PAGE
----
Florida Democrats warn of looming COVID-19 storm, bash Ron DeSantis

State health officials reported a record 11,458 new cases on the morning of the Fourth of July.

Florida Democrats warn of looming COVID-19 storm, bash Ron DeSantis

Florida Senate Democrats hit Gov. Ron DeSantis for what they call absent leadership in the state’s COVID-19 response as the second wave of new diagnoses continues to build.

Senators called for a mask mandate, transparency in hospital data and leadership on contact tracing and isolating positive individuals, calling the state’s response “terrible.”

With the Governor on Tuesday highlighting transitional nursing homes for elderly patients who are stable enough to not be hospitalized but still have the virus, incoming Senate Democratic Leader Gary Farmer pointed to that as a silent admission that hospitals are already feeling the strain of the pandemic.

“I think what you saw today in the announcement of the opening of these COVID-only temporary hospitals is recognition by the Governor and the Department of Health of the storm that is on the horizon and moving our way quickly,” Farmer said.

And Lantana Democratic Sen. Lori Berman continued the doomsday prophecy.

“We are at a tipping point,” she said. “We might even be beyond the tipping point given the numbers that we’re seeing.”

State health officials reported a record 11,458 new cases on the morning of the Fourth of July. And Tuesday morning brought 7,361 new infections with a high positivity rate of 16.3%.

At the time of publication, ICU capacity was full at 56 hospitals statewide, and all but 16% of beds were filled. DeSantis has highlighted the statewide metric in recent press conferences, but Sen. Janet Cruz said using the aggregate doesn’t reflect what’s happening at the local level as hospitals fill up.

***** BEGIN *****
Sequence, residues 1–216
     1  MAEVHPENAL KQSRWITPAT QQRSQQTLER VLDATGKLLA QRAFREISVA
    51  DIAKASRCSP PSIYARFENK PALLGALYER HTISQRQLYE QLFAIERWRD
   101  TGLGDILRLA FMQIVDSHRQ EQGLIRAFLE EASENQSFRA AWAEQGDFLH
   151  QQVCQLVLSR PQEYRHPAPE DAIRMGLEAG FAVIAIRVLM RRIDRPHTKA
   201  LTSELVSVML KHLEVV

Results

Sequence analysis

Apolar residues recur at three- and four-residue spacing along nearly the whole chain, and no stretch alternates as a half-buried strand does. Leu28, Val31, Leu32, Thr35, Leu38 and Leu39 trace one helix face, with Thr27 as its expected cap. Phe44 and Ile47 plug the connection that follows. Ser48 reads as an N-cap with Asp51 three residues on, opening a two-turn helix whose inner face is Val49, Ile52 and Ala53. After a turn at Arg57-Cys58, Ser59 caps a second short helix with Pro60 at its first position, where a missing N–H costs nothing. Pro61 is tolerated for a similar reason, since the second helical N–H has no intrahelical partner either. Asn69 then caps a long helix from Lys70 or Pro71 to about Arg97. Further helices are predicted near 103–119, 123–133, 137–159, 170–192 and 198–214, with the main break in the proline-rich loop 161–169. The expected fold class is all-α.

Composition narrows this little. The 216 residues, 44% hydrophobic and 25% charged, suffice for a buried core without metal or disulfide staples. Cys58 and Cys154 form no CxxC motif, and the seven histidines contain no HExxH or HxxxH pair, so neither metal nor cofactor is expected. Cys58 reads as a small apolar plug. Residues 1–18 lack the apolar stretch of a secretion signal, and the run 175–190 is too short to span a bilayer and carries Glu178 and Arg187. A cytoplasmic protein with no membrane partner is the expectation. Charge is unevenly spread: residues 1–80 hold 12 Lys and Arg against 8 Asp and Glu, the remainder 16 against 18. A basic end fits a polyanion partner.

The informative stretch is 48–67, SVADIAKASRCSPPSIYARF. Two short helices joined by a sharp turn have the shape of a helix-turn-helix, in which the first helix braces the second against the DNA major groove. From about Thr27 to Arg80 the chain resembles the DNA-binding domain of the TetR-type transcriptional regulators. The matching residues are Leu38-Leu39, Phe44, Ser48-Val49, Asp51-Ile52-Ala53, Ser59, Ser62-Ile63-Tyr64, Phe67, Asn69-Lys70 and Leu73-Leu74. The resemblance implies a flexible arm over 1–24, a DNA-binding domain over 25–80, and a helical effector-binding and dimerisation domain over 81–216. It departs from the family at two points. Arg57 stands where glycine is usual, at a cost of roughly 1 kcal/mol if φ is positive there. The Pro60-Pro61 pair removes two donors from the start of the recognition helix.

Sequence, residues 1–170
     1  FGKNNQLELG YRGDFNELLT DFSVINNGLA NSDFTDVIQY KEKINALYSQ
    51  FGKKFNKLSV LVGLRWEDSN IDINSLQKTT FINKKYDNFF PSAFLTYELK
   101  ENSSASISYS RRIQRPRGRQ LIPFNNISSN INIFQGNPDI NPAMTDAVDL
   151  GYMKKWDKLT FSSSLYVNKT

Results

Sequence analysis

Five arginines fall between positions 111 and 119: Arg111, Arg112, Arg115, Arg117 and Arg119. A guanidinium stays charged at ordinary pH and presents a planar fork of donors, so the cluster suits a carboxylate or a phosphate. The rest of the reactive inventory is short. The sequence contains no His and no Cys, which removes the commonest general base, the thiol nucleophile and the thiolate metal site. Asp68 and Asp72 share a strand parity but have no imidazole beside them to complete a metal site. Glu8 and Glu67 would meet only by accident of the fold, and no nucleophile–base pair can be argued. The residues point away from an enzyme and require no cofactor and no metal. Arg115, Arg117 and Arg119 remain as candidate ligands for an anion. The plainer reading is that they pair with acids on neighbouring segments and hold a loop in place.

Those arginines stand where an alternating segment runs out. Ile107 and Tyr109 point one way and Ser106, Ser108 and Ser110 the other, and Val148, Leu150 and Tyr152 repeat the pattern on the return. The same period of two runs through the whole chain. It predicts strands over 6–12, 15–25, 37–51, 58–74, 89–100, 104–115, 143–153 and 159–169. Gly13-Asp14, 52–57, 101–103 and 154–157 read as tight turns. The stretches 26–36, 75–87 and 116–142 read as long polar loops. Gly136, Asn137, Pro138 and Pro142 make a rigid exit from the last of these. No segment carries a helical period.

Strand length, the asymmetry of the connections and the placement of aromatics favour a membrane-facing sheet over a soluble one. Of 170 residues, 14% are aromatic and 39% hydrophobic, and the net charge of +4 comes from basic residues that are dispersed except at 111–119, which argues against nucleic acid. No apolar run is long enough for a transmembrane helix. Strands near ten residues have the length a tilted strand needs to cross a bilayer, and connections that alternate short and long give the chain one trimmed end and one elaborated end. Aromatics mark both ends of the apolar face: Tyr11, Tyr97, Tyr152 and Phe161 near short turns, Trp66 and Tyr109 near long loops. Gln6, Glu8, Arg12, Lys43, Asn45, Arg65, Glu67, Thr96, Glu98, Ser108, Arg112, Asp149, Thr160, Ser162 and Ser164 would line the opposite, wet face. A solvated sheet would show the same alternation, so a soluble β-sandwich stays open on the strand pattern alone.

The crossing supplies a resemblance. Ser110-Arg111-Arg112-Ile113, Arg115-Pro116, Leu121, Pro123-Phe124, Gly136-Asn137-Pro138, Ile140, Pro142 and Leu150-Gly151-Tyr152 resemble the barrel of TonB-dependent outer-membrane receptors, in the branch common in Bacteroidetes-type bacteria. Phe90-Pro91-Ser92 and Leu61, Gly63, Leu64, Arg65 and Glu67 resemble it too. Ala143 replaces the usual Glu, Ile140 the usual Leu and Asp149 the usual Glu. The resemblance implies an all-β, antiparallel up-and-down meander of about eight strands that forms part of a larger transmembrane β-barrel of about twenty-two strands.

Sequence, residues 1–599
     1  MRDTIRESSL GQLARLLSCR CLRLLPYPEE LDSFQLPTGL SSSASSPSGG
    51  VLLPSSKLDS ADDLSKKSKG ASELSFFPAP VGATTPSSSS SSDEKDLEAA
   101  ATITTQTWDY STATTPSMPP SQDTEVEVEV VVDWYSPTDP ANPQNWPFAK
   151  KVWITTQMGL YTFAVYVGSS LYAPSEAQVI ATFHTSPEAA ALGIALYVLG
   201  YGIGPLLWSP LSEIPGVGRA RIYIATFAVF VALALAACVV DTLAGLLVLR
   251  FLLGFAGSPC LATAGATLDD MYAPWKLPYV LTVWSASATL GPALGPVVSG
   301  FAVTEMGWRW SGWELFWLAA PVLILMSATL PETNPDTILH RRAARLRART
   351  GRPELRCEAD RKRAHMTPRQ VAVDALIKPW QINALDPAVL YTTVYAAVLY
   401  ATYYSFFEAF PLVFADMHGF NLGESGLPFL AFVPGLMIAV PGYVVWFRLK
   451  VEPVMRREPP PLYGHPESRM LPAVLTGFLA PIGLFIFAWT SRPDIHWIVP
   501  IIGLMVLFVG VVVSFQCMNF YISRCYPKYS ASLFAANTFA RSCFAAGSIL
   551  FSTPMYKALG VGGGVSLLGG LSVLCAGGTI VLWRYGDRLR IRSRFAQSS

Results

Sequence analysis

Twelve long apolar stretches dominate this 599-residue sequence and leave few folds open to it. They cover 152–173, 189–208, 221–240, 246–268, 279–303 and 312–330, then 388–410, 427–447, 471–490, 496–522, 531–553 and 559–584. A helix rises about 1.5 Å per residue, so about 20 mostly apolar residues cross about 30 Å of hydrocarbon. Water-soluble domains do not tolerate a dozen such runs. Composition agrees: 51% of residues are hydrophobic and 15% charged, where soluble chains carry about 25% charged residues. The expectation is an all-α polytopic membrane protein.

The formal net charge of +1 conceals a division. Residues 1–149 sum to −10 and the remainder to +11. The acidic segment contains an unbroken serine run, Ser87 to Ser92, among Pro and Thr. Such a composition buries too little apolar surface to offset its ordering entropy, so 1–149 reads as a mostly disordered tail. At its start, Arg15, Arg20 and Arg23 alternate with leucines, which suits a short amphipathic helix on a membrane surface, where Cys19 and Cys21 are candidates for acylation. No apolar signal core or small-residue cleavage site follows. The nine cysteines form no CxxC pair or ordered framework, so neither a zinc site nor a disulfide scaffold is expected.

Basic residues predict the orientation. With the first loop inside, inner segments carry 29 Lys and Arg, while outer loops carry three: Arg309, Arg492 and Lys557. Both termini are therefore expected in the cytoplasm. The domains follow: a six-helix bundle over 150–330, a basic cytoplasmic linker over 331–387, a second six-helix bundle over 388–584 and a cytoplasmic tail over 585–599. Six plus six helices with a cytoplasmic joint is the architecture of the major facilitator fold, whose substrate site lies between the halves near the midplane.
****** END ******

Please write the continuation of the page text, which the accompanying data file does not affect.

“You’ve got to get your effing head out of the sand,” she said.

The Tampa Democrat urged seniors to not drink the Governor’s Kool-Aid of the rhetoric and policies that make up his reelection campaign. And others noted herd immunity would not work, pointing to death rates in Sweden and Spain.

“What’s happening here is that our leadership in this state, they are willing to let seniors die as part of collateral damage so that they can move on and open up businesses in this state,” Cruz added.

DeSantis on Tuesday touted the state’s protections for elderly individuals as the best in the nation.

“All in all, I don’t think any other state in the country has done what we’ve done to protect the vulnerable here in the state of Florida,” he said.

For the first time since the state began reporting the median age of new cases, that metric was up to 40. The Governor says that had been in the 50s until the end of May, before that metric plummeted into the early and mid-30s.

But over the past two weeks, it has crawled its way back up, suggesting older people are now catching the virus.

“As those younger people tested, yes the age went down, but now we see the age going back up because those younger people are turning around and exposing themselves to older people and getting them infected, and that’s how this disease works, and that’s why we need statewide leadership,” Farmer said.

With more patients entering hospitals, some hospitals are again suspending elective surgeries, which DeSantis allowed hospitals to restart in early May. Miami Democratic Sen. Annette Taddeo noted that decision came from the hospitals rather than an elected official.

She also called for leadership on contact tracing, a topic that seemingly left DeSantis and Miami-Dade Republican Mayor Carlos Gimenez pointing fingers at each other at the conclusion of Tuesday’s press conference. In an earlier statement to the press, Gimenez had said only the Florida Department of Health (DOH) could hire contact tracers. But DeSantis disputed that, and both declined to clarify in follow-up questions.

Contact tracers have struggled to reach known positives. The Governor noted that some young adults have been informally contact tracing after one guest tests positive after a party.

Farmer also renewed Democrats’ call for a statewide mask order, which the Governor has declined. Instead, he has left that option up to local leaders, citing the legal challenge in enforcing a mandate.

“It’s not a political statement. It never was, and it never should be,” he said. “Those that seek to make it a political statement do so at the very health and life of our fellow Floridians.”

Berman also called for a status report from Surgeon General Scott Rivkees. The Department of Health head made numerous public appearances in the early of the pandemic, but hasn’t joined the Governor for a press conference in months.

“We haven’t seen Surgeon General Rivkees around at all,” Berman said. “Where is he? What is he doing? What is he doing from a policy point of view?”

This article first appeared at Florida Politics. 

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